Queen Elizabeth, Hampton Court Palace, London discussed on As It Happens from CBC Radio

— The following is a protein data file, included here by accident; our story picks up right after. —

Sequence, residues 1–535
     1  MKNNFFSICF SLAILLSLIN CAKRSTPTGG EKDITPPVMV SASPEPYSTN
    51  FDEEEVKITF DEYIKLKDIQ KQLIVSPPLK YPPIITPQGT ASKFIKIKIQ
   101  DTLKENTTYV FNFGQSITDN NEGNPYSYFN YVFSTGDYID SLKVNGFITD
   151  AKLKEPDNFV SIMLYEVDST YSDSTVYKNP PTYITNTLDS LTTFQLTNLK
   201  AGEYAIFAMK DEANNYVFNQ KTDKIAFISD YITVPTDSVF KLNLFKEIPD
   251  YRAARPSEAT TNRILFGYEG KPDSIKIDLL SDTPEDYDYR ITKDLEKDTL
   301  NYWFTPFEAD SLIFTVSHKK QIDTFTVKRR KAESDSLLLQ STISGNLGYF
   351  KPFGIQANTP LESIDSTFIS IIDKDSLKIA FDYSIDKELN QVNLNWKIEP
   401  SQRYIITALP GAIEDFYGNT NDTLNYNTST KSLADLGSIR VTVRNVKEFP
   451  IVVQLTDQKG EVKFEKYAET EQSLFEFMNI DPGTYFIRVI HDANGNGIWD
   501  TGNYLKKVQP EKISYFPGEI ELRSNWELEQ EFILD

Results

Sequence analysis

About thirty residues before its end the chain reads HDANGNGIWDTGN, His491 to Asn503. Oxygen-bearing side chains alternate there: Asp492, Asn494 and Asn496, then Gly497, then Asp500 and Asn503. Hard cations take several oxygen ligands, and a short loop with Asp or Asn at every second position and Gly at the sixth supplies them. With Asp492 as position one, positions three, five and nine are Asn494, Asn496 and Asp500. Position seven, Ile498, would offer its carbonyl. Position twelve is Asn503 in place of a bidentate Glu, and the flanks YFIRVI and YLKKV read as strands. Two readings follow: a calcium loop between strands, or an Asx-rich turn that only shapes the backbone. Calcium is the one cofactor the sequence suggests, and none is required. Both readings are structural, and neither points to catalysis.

When Queen Elizabeth the first died she reportedly owned nearly two thousand dresses four centuries later the only parts of her wardrobe thought have survived were some gloves and riding boots but last week a special exhibit opened at Hampton Court Palace called the loss dress of Elizabeth the first I Larry Lynn found that loss dress but spoiler alert it wasn't address when she discovered it Miss Lynne is the collection's curator of charity called historic royal palaces we reached her in London very when did you first see this dress that you believe belong to Queen Elizabeth I well I I saw it about four years ago now I was researching my book to you to fashion and I came across an image of this object just online I thought well that looks a bit intriguing so I drove to this tiny church in rural Hertfordshire to go and visit but it wasn't address was it no that's right it's actually an Osa cloth so it's a t shaped panel that had been used by family is an also closed for several centuries but they were lots of clues about it that immediately told me that it used to be something else incredible value and rarity at what point looking at this did you think this might be Queen Elizabeth's dress immediately For Lots of reasons the list thing is that I supported evidence of pattern cutting which means evidence that in fact used to be addressed but the second thing was that the embroiled we on it which is beautiful flowers and vegetation. I was as a professional standard that I hadn't ever seen before dating to around the fifty nine he's sick of sixteen hundred in Silken silver and goals and the real clinch was that it was embroidered on cloth silver and shoot at times cloth who is reserved for the immediate members of the Royal Family and actually this particular church was the birthplace and very beloved family home of one blind Josh Parry and Blanche Parry was the first lady of the bedchamber to Elizabeth I and we know that Elizabeth had great affection for her and she gave him me gift of her own clothing we know that Blanche had great affection for her village she gave them lots of charitable donations so all of this seemed to be pointing in one very exciting direction but why isn't it possible that the dress belong to someone else in the court why why specifically do you think Elizabeth I was wearing it well at the time that this stress dates from Elizabeth was nearing seventy years old and in fact she got it very jealously all the finest fabrics and dresses for herself she didn't particularly like having other women it court because she wanted the attention of her male courtiers for her else most of the other women who were allowed to be there were quite elderly ladies all were women who express told to dress down not to incur the wrath of the rather sort of notoriously mercurial queen so it's very unlikely that Elizabeth would have granted permission for anybody nice to one something like it we know in our research the amount of silver in this object with worth as much as a Cheetah mansion so we really are looking at a real Russia oh my gosh so this is one dress of her finger hundreds and thousands in her wardrobe was worth the price of a tutor mention yes absolutely so we know when she died the infantry of her wardrobe listed two thousand items of the most sumptuous luxurious stresses but none of them were known to have survived it's not least because the great storehouse of the Royal Wardrobe was Very famously burns during the great fire of London in sixteen sixty six so the fact that Safai reading makes a unique piece you figure it came to be in this church and Saint Faiths because of Blondes Perry so why did they turned it into an altar cloth value so to turn it into an ulcer cloth it was their way of venerating really to make it a sacred object into value it and now you have restored because it did take work even though it was not bad condition what did it take to actually bring it to the state that it's now that's on display so it's underground A thousand hours of conservation and research so it was in a fairly good state considering age but it had to sort of a backing of canvas which was starting to pull and tear at the silk so we removed the canvas kiffiny stitched onto a new special king but the stitching was done with filaments thread which is roughly the same dimensions as a human hair on with a surgical needles so you can a little bit more about it and we found incredibly tantalizing evidence of global trade for example some of the Don I in the threat was actually next can coach Neil read so this was fantastic evidence of luxury commodities being traded across the Atlantic for the first time what was it like for I think for all of us involved as a real labor of love and a real privilege because the artistry of the embroidery is such that you never tire of looking at it actually I can even after four years I can stand there and look at it and see a new detail admire the artistry all over again now it's hanging in Hampton Court Palace how does it look do you know what it looks better than I've ever seen it so it's in a case with case lights it somebody referred to it as Cheetah Hive is which is not exactly glamorous but most of the court would be wearing black velvet so to be wearing this kind of fantastically embroidered cloths fills for you to be no doubtedly looking at the Queen there is a great story and I appreciate you telling it to us thank you thank you so much bye i Larry Lynn is the collection curator of a charity called historic Royal Palaces we reached her at hand in court palace in London and if you want to see photos of the draft you can go to our website go to CBC dot Ca Slash Aih.

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